By the time the police arrived (small town proof: the cop was my neighbor/a co-worker's husband!) the driver was out of the car, and standing upright. He still wasn't speaking, but he looked much better. The officer went through his wallet and found a medical card, listing him as a type 1 diabetic. What I assumed was drunken driving was actually insulin shock.
I was still shaking when I finally headed back towards town. I was so scared that I was going to see those children in a really bad accident. None of them were in seatbelts. They kept looking back at me, and I felt totally helpless.
A twenty minute errand became a 90 minute trip, but it was worth it to make sure things ended well.
I hugged my babies when I got home.


Anonymous said...

How scarey for you and how wonderful of you!! It makes me stop and think that one person actually does make a difference.

Fawn said...

Bless you, AM! I'm sure you didn't write this post for the accolades, but you do deserve them. I wonder how that dad is going to feel about driving once he's processed the whole ordeal. Thank God no one was hurt.

WackyMummy said...

Wow. Good job following your gut and helping out. It's hard to recognize those sorts of situations, but thank goodness there are people like you and the van driver out there to help. I doubt I would have had the perspecacity to do the same. :)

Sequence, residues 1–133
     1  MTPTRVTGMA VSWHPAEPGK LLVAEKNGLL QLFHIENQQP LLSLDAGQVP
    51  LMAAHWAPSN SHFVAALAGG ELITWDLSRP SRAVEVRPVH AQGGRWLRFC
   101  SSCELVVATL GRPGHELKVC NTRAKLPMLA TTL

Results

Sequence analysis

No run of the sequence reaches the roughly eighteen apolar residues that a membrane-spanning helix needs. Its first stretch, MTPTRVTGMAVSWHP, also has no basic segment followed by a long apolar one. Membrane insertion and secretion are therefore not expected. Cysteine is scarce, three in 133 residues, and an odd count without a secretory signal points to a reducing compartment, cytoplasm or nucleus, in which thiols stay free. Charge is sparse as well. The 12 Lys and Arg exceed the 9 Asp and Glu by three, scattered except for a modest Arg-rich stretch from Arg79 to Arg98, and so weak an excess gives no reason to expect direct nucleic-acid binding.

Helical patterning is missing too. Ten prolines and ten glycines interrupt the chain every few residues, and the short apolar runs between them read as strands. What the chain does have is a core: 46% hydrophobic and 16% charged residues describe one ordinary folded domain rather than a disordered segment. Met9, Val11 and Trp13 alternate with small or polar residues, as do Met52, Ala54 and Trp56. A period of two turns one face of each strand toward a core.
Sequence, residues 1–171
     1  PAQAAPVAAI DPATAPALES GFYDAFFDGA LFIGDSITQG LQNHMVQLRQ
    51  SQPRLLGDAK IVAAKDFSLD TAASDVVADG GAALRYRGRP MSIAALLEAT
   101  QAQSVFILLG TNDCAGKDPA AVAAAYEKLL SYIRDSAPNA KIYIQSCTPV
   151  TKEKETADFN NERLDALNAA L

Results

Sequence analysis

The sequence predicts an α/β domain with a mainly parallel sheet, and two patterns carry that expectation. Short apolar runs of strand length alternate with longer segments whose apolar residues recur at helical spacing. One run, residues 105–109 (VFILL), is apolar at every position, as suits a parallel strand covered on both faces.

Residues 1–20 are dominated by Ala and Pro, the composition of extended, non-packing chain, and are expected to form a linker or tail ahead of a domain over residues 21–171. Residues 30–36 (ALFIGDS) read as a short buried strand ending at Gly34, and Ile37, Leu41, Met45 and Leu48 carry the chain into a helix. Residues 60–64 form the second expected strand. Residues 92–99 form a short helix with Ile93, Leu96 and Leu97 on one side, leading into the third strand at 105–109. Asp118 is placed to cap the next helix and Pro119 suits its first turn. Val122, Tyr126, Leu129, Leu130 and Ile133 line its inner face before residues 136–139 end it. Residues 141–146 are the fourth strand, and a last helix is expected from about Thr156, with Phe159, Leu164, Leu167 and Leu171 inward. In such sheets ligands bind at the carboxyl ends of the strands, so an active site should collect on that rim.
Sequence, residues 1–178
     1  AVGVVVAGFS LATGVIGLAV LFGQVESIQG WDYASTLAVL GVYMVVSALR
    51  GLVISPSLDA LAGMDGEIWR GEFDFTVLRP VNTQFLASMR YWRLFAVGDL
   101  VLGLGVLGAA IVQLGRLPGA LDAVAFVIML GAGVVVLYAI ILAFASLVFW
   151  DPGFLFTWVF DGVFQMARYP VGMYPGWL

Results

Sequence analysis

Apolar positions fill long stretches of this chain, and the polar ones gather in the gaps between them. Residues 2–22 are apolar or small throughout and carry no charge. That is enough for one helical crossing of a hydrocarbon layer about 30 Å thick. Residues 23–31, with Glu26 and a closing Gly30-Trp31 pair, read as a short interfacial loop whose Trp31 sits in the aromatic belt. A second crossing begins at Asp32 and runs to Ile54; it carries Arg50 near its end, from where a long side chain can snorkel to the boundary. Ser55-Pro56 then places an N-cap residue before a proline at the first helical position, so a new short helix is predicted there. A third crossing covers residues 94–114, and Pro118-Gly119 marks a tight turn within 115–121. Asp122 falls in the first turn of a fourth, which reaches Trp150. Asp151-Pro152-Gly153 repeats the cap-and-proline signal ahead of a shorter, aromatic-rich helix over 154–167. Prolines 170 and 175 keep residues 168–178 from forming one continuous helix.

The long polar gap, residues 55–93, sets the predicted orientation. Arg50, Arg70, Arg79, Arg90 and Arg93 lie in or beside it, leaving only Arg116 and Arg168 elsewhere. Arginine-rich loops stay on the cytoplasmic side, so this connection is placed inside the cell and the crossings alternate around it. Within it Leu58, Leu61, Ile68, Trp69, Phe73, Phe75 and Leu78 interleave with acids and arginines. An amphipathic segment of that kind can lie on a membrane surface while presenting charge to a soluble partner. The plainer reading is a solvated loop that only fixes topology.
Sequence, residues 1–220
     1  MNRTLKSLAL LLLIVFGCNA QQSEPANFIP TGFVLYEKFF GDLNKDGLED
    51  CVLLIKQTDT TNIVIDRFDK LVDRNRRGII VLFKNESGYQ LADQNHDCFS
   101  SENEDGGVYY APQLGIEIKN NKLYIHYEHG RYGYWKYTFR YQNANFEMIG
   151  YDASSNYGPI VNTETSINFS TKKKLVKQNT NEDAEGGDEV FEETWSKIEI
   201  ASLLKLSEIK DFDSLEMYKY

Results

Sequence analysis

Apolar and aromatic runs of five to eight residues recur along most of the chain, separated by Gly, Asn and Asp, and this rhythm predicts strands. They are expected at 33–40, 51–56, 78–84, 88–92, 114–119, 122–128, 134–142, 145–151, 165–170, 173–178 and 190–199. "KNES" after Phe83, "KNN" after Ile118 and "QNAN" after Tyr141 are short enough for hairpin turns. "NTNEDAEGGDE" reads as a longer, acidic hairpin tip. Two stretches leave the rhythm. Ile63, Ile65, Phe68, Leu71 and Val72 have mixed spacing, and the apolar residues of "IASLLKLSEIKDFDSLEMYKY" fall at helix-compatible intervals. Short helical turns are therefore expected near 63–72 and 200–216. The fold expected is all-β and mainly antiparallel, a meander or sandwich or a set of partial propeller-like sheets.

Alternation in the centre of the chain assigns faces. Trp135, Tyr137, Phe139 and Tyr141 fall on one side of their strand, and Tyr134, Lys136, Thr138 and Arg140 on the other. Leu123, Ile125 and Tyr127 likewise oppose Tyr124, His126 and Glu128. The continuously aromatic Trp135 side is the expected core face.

Kitty said...

OMG how awful for that family, and how lucky they were that you were there. Too many people these days would have just let it go thinking that the other driver was just an ass.

I had a similar incident a few years ago with another driver who was obviously falling asleep at the wheel but still insisted on doing 80mph down the middle lane of the motorway. I pulled over to report him to the police, but I've no idea if they ever caught up with him. It was just him in the car, but he could have easily caused a huge accident.

Matt, Kara and Hunter said...

What a scary situation! Glad you were there to help out.

Gen said...

I'll think about your experience if I'm ever witness to such a driver. Thanks for writing about it.

MaryP said...

So glad it ended well! Many people would have shrugged him off as a drunk or stoned. Many more would have considered it done when they called the police. It's quite possible that by hanging in there you helped prevent a tragedy.

And if that doesn't leave you a little shakey, I don't know what would.

SSTyrner said...

My goodness that was some high drama excitement!
I think you did all the right things. Good job following through, Average Mom!
I'm so glad no one was hurt.
The world is a better place because good people like you were there to help those kids and their father.

MorahMommy said...

Wow, I have chills reading this.

You should be proud of yourself. In this day and age, most people would comment to each other, but would not do anything about it. That man and children were very lucky.

Thank goodness nobody was hurt.

Anonymous said...

wow. I'm so glad you followed your gut! I imagine the driver was "locked" inside his body and thought he was in a normal state. You were at that place at that time for a reason!